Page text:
With its location just next to the Convention Center, Riverfront Park is a little slice of nature in the heart of the city. With a park shelter with BBQ grills, a large kid’s playground, and a sand volleyball court, the park is understandably a popular destination for families looking for some fun and recreation. Thanks to the excellent network of trails spanning the length and breadth of the park, it’s also a huge hit with hikers. Expect gorgeous river views and the kind of wide, paved paths that are ideal for all skill levels and age ranges.
DanWalt Gardens is a gorgeous oasis of horticultural beauty set right in the heart of Billings. Packed with fruit trees, roses, peonies, and irises, this fragrant little paradise is a great place to escape the noise and crowds of the city and get back to nature. A lovely walking trail leads you all the way around the gardens, taking in plenty of benches to take a break, numerous water features, and even a charming little bridge. If you want to enjoy a peaceful stroll without working up too much of a sweat, it’s ideal.
Jim Dutcher Trail
As TrailLink notes, the Jim Dutcher Trail is a 6.5 mile, paved pathway that meanders alongside the Yellowstone River through eastern Billings up to the northeastern neighborhoods of Billings Heights. The trail is flat and smooth enough to suit all ages and skill levels. Dotted along the way are numerous community parks that offer benches and picnicking areas to break up the journey. Start the adventure at the wooded Two Moon Park before heading south through Earl Guss Park (being sure to check out the waterfall while you’re there) to finish at Mystic Park. If you want to extend the experience, you can connect to the 2.2-mile Alkali Creek Trail at the trailhead near Earl Guss Park.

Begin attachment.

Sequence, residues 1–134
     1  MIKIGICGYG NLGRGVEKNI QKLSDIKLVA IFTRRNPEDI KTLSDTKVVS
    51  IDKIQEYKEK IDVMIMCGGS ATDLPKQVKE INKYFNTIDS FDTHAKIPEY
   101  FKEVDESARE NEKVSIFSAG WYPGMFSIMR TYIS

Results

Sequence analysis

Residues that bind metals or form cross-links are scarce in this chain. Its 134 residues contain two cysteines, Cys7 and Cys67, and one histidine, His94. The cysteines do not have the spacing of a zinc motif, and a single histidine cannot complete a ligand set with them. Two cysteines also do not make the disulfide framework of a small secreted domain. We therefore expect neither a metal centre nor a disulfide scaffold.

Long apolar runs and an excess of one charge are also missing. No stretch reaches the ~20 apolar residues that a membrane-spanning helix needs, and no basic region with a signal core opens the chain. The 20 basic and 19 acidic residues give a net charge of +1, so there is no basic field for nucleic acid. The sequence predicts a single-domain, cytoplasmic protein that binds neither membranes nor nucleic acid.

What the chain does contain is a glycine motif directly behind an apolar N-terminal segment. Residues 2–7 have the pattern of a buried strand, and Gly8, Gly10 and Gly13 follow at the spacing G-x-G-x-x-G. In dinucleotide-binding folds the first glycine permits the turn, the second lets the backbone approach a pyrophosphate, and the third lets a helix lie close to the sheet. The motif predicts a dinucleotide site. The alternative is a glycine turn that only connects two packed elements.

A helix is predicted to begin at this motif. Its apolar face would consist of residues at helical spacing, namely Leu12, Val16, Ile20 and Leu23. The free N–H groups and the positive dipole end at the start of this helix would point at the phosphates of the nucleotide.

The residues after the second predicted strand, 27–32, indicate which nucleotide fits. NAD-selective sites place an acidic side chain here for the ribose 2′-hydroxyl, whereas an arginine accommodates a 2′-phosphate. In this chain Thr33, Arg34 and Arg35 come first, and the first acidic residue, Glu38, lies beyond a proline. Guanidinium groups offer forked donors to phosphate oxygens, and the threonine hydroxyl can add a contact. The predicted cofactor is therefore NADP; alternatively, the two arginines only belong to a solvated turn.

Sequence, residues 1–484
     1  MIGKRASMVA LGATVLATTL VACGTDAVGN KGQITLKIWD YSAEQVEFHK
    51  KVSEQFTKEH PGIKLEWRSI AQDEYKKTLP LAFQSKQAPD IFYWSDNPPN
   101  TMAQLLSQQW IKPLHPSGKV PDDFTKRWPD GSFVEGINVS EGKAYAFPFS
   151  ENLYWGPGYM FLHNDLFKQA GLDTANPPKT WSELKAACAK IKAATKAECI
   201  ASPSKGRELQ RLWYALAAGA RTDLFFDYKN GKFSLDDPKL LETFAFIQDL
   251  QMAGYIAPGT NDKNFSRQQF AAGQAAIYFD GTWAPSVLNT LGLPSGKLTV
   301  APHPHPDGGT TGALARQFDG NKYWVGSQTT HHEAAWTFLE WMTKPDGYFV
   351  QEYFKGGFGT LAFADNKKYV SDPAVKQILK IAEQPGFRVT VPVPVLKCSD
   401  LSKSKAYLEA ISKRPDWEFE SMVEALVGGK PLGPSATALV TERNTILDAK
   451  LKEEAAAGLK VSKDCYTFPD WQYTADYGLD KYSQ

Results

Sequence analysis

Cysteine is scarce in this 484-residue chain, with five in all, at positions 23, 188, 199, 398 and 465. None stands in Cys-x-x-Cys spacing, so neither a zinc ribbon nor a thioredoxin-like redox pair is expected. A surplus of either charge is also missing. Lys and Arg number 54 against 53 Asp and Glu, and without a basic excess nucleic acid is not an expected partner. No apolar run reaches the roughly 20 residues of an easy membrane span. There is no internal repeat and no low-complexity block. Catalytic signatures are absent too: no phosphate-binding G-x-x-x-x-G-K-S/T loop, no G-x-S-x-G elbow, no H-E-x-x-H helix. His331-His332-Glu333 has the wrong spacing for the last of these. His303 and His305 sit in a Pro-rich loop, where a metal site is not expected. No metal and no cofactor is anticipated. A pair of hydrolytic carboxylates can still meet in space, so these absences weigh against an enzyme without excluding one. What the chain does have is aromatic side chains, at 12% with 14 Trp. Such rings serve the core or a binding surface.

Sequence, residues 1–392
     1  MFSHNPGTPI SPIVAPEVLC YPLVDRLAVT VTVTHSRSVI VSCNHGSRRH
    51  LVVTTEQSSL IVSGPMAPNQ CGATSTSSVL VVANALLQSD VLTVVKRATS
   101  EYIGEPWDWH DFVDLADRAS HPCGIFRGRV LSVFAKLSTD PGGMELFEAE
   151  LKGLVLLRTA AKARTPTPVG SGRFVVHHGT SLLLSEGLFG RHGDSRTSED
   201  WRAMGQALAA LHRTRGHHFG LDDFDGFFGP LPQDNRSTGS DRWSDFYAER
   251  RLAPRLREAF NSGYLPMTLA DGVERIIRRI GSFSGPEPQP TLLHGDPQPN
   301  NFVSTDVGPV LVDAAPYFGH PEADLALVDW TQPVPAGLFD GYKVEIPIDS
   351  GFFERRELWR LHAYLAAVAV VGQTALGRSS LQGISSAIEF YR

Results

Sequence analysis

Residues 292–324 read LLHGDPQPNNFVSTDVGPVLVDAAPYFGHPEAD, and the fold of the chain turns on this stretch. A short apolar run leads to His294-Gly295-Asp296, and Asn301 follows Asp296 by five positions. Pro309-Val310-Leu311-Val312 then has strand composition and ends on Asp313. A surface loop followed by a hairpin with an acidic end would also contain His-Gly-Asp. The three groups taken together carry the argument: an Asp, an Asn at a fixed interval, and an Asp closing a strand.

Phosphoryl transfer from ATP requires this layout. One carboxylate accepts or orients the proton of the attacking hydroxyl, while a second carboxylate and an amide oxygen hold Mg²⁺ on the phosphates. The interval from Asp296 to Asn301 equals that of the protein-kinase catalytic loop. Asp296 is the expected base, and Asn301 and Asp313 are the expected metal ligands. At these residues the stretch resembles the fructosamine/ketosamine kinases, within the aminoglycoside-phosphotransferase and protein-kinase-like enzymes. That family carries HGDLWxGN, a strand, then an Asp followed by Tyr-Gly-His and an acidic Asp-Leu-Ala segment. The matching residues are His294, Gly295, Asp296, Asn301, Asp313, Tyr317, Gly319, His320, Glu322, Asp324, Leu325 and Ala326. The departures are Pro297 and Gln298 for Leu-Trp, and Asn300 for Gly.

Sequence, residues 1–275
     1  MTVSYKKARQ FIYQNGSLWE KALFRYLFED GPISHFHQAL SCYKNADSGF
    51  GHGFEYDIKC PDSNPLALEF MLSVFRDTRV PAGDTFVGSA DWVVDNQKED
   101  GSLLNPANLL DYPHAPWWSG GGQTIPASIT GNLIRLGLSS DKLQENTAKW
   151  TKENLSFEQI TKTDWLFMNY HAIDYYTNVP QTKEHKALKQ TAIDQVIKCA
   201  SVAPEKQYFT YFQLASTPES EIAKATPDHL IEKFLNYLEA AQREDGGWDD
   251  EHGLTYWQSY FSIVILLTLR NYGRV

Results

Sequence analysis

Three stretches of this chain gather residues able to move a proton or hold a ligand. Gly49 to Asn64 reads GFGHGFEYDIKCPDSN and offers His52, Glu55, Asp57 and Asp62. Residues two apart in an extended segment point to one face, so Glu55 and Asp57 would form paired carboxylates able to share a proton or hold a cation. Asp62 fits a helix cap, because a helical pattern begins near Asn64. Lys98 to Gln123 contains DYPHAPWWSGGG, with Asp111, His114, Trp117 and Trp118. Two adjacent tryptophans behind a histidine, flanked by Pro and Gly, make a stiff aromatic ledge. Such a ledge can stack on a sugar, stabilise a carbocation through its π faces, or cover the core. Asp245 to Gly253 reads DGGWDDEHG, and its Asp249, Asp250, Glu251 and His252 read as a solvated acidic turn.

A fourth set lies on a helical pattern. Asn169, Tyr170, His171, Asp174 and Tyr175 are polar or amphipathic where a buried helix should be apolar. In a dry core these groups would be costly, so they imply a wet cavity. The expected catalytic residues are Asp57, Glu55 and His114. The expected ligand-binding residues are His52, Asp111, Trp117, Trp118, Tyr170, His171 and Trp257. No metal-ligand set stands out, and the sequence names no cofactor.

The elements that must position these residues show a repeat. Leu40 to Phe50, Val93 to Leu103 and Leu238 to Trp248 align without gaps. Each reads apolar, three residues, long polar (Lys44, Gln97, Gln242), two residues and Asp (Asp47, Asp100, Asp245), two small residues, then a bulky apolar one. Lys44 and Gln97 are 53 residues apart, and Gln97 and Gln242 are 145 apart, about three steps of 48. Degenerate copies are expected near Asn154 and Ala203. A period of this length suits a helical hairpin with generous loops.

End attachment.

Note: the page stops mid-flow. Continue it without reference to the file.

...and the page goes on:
Descro Park Trail
If you’re looking for a short but enjoyable walk, Descro Park Trail is ideal. The half-mile trail passes alongside the parkland that connects Broadwater Avenue to Central Avenue. Despite being short, the trail offers some great views, peaceful surroundings, and the opportunity to stretch your legs without leaving the city limits.
Phipps Park Trail
Phipps Park Trail is a 2.5 mile, moderately challenging hike that follows an old frisbee-golf course. The first half of the trail is fairly steep, but it’s wide and smooth enough not to present any difficulty. At the top, there are two separate trails to choose between, both of which are relatively easy and offer stunning views over the surrounding landscape. Just be aware that bugs can be a problem, so be sure to pack some bug spray before you head out. Dogs are allowed but will need to be kept leashed.
Four Dances Trail
For a close-to-town outing that offers challenge and reward in equal measure, don’t miss Four Dances Trail. The route takes in some of the best highlights of Four Dances Natural Area, including sweeping views of Billings and ample opportunities for wildlife spotting. The smooth, well-maintained path includes an easy upper section, a swooping descent to the river, and a hefty 400ft climb to the top. Along the way, you’ll pass by the iconic “Yegen Bros” slogan scrawled along the sandstone cliffs (which, tempting though they may look, are much too unstable to be climbed). As the trail lacks shade, be sure to wear plenty of sunscreen and (if possible) time your visit for either early morning or late in the day.